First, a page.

His vision is largely grounded with traditional Japanese dress. The kimono, for example, influenced Yamamoto to include wide sleeves and an almost horizontal presentation, a radical change from emphasizing the natural verticality of the human figure. He is much more interested in women’s clothing than men’s because of shape. He described a women’s figure as a desert, a dynamic form that changes whimsically, gently, and entirely, like wind blowing over a landscape of sand.
 
 
 
 

© Image Courtesy of Yohji Yamamoto, 2015

 
 
 
 

He made black chic. Solid blacks distinguished him and the Japanese brand of fashion when he was still starting off. Some called it sleek. Others say it’s post-apocalyptic. In a way, the latter makes more sense. The apocalypse being WWII, and the uniforms of another form of totalitarianism, consumerism and commercialism, was not only homogenizing people’s aesthetic choices, but also confusing conformity with stability, and routine with security. When asked what he thought of today’s fashion, Yamamoto replies, “It’s like thinking about the Earth going to hell. Do you think we can stop? I don’t think so.”

“That so few dare to be eccentric marks the danger of our time,” John Stuart Mill forebodingly wrote. He was concerned about the trend of society encouraging its individuals to believe that stability required conformity. Adhering to trends and expectations, and knowing how to network and socialize were being taught as virtues. They still are. Individuality is a virtue too, but it is difficult and requires hard work to achieve. People are more welcoming to the idea that you can buy your essence instead of creating it. This is a mistake because individuality requires the person to make thoughtful decisions as to what constitutes herself.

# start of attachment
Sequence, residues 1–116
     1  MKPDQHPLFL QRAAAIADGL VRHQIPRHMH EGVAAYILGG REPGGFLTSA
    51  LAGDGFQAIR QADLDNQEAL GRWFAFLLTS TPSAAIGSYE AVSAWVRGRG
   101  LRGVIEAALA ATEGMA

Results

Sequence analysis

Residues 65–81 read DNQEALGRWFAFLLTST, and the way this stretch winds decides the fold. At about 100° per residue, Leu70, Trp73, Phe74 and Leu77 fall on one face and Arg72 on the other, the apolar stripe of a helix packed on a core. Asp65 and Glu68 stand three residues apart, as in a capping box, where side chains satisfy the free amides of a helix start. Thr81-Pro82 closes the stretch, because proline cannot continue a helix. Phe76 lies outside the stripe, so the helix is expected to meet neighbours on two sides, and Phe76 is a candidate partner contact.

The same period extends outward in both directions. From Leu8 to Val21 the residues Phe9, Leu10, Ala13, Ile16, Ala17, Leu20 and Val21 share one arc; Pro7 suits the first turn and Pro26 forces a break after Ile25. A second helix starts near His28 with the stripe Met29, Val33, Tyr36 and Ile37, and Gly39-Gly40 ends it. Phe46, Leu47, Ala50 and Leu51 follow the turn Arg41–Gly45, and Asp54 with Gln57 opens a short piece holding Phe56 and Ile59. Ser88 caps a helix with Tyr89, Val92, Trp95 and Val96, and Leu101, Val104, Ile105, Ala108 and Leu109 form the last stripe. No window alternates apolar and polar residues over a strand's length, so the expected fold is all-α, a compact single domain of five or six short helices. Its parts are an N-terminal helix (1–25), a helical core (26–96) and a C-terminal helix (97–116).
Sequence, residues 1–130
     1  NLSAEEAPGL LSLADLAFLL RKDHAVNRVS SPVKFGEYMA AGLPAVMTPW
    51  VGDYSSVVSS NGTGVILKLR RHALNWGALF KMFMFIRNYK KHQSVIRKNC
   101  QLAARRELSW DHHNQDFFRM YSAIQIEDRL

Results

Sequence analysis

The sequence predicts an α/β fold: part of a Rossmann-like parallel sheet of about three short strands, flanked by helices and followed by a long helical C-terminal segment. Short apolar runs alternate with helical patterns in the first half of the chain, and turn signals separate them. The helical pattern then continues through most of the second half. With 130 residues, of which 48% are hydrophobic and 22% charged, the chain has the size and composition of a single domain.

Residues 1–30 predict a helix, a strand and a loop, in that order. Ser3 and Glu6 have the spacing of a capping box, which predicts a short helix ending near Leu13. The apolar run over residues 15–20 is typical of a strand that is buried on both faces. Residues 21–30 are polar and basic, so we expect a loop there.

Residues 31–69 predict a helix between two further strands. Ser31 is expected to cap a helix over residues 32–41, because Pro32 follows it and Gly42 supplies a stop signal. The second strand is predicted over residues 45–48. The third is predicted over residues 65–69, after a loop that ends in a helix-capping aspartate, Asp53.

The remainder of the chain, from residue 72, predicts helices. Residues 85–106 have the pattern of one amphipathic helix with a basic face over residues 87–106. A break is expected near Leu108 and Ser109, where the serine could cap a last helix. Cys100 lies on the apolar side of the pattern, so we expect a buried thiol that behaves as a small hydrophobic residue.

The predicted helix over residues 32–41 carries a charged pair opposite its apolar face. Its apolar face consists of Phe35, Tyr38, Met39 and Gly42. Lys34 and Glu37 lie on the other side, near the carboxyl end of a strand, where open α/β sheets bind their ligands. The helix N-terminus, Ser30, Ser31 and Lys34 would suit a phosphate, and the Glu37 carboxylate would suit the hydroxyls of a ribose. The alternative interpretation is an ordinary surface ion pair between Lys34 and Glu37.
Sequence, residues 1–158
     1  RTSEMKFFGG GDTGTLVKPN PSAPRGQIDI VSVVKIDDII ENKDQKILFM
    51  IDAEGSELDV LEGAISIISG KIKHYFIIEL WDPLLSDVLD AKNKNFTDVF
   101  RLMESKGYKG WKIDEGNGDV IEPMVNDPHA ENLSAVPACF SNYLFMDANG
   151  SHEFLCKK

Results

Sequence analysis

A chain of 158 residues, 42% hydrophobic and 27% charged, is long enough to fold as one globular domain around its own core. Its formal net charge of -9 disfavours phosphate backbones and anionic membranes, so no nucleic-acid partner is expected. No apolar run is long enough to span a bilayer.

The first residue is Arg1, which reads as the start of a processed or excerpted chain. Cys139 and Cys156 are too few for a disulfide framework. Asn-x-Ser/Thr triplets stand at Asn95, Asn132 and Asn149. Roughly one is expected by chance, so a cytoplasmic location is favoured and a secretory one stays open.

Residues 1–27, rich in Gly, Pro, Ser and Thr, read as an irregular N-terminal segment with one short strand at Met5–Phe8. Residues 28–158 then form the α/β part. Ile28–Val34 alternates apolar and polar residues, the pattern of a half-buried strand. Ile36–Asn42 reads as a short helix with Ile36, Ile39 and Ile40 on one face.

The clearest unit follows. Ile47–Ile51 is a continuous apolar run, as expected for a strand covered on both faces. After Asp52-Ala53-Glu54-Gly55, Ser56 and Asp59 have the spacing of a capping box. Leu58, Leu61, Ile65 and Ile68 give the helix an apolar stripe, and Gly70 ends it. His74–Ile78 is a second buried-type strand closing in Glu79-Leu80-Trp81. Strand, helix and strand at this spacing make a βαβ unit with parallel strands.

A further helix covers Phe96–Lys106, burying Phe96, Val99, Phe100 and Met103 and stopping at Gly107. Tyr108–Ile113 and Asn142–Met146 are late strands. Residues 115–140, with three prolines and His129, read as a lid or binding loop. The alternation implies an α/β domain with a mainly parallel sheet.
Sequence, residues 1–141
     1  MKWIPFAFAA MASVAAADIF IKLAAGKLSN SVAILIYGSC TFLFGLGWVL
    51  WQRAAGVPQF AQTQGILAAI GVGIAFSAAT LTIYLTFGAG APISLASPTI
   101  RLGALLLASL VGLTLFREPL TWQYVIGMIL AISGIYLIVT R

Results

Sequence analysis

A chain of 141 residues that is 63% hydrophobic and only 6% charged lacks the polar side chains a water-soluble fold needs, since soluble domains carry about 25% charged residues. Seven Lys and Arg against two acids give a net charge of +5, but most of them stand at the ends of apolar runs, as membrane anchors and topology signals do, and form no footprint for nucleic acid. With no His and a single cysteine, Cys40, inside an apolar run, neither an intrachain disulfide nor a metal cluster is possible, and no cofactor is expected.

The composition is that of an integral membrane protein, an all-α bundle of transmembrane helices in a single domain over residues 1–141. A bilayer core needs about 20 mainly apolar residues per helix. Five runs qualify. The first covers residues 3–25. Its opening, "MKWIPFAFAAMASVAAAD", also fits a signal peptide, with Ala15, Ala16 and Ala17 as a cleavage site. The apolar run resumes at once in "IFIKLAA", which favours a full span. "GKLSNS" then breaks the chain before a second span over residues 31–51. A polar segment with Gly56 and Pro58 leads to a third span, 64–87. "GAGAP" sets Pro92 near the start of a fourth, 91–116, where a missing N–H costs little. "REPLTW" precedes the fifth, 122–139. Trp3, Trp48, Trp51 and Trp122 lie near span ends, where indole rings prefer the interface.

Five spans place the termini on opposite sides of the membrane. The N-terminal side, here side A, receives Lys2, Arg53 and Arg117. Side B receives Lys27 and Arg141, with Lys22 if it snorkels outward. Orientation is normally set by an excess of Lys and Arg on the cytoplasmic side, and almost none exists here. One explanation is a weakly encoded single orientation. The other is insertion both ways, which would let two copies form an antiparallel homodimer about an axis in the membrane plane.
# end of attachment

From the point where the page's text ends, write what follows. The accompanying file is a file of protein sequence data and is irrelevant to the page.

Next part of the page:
© Yohji Yamamoto. Courtesy of Yohji Yamamoto, 2015

 
 
 
 

So lies the vice in commercial fashion. Here’s a shirt, a sweater and a pair of pants. Fewer people appreciate the potential for self-expression that fashion has. Instead, people like to blend into crowds, to avoid attention, and confuse a lack of opinion with a lack of hostility. People are also addicted to happiness. Happiness is the opiate of the masses. Businesses aren’t even subtle about it. Walk into a McDonald’s branch and see the word ‘happy’ plainly written on the wall accompanied by smiling children. Tune in to any commercial break and each advertisement is about ways to become happy. Melancholy causes anxiety because people refuse to cultivate this emotion. People initially think it is a disease.

Yamamoto sees it as a style. But his vision is as sharp-edged and violent as authenticity tends to be. In films, cathartic and climactic moments come from an explosion of violence. Look at Bonnie and Clyde and its famous ending, where the two bank robbers and star crossed lovers get shot by hundreds of bullets. Look at Dog Day Afternoon where Sonny, another bank robber, goes out to the sidewalk in front of the police and chants “Attica! Attica!” referencing a riot in Attica Prison in 1971 when prisoners demanded for better living conditions. The car suspending over the canyon as if flying in the ending of Thelma and Louise is perhaps the best freeze frame in cinema history.
 
 
 
 

© Yohji Yamamoto. Courtesy of Yohji Yamamoto, Spring / Summer Collection 2015

 
 
 
 

One would be hard pressed to find a popular film today about counter culture and the empowerment of repressed members of society. Perhaps there isn’t the same repression as there used to be.